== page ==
In a recent e-mail to the Student Body, Daniel Acheampong, Student Union President ’10-’11, explains Brandeis’ openness to consider new options in the ongoing legal struggle over the sales of pieces from the Rose Art Museum. While Brandeis considers these other avenues, including loaning out works of art, it will suspend its efforts to sell the art. 

I just want to update you on recent news with the Rose Art Museum. In the midst of this critical economic period for our university, Brandeis will explore a range of alternatives to the sale of art from the Rose Art Museum in an effort to generate value from a portion of the collection while still maintaining ownership of the artwork. Many museums around the world have engaged in a similar type of collection-sharing that Brandeis is considering.

The initiative is in its initial stages as there are no details of a timetable, parties who might be interested, the art that might be included, or the potential revenue any agreement might generate. I will keep you updated on any information that I receive. I also encourage you to remain engaged and follow the subject matter. I hope the student body can be involved in whatever decision the university makes concerning this matter.

Here are multiple articles that you can read to get further information:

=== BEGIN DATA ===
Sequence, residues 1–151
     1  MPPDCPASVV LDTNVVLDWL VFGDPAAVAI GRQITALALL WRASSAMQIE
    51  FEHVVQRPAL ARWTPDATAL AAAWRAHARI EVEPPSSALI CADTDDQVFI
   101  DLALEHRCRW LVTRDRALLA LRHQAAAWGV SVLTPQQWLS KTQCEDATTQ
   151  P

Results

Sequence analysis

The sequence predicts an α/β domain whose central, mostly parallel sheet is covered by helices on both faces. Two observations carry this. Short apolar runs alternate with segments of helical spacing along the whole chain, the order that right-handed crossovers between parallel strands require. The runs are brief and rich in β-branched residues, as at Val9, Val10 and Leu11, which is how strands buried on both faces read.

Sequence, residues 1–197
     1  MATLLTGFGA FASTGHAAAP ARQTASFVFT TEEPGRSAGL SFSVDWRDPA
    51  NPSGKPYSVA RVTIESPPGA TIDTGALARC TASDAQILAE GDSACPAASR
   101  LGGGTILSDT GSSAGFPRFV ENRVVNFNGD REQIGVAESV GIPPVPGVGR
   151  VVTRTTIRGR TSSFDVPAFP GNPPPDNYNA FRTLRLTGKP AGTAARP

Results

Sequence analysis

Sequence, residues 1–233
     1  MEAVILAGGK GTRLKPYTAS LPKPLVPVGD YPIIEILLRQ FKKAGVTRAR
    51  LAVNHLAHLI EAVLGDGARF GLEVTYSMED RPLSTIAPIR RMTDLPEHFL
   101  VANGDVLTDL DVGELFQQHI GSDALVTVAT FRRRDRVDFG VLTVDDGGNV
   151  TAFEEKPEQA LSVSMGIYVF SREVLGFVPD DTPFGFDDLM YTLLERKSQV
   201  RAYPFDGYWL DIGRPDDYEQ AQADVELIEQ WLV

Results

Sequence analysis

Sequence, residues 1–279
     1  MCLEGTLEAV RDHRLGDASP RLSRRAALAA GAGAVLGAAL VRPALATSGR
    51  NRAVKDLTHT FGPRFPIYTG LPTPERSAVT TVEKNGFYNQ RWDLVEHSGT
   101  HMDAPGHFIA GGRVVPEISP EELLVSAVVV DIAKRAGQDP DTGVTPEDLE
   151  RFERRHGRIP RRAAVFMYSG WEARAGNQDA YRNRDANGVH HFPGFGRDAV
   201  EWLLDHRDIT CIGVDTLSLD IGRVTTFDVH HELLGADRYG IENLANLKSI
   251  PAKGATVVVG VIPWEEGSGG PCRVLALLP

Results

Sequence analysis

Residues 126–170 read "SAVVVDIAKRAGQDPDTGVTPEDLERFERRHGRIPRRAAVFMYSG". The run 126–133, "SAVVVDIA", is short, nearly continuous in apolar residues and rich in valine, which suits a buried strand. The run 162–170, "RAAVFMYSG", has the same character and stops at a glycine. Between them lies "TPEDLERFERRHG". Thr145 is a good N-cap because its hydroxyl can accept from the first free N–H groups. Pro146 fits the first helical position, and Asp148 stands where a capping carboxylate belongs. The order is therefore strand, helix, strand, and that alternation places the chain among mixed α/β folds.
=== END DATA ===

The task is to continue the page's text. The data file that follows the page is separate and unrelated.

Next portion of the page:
The Boston Globe
http://www.boston.com/ae/theater_arts/articles/2010/05/28/brandeis_may_loan_out_rose_art_for_a_fee/?page=1

The New York Times
http://www.nytimes.com/2010/05/28/arts/design/28arts-001.html?src=twr&scp=1&sq=brANDEIS&st=cse

BrandeisNOW
http://www.brandeis.edu/now/2010/may/artalternatives.html

The Justice
http://media.www.thejusticeonline.com/media/storage/paper573/news/2010/05/25/News/University.Considering.Alternative.Options.To.Selling.Art.From.Rose.Collection-3921009.shtml

I appreciate Brandeis’ perceived acceptance of the legal debacle it has found itself wrapped up in, and thus its willingness to consider other options and hold off on selling more of its collection. It’s long past time for this controversy to be settled, and by saying it is taking this option off the table, at least temporarily, Brandeis is going a long ways towards assuaging people’s fears as to the future of arts at the university. 

I also commend Acheampong on his e-mail, which asks the student body to stay involved in this ongiong issue, and expresses his wish that students “can be involved in whatever decision the university makes concerning this matter.” Although only time will tell if the University will live up to its promise of listening to students’ input, it is encouraging to hear the Student Union President advocating for activism on this important issue, which will affect all of us.

One comment on “Brandeis Considers More Options for Rose Art”

  1. Art Says:

    Are there art lease programs where Brandeis leases select pieces of art to other collections, in exchange for some of the revenue?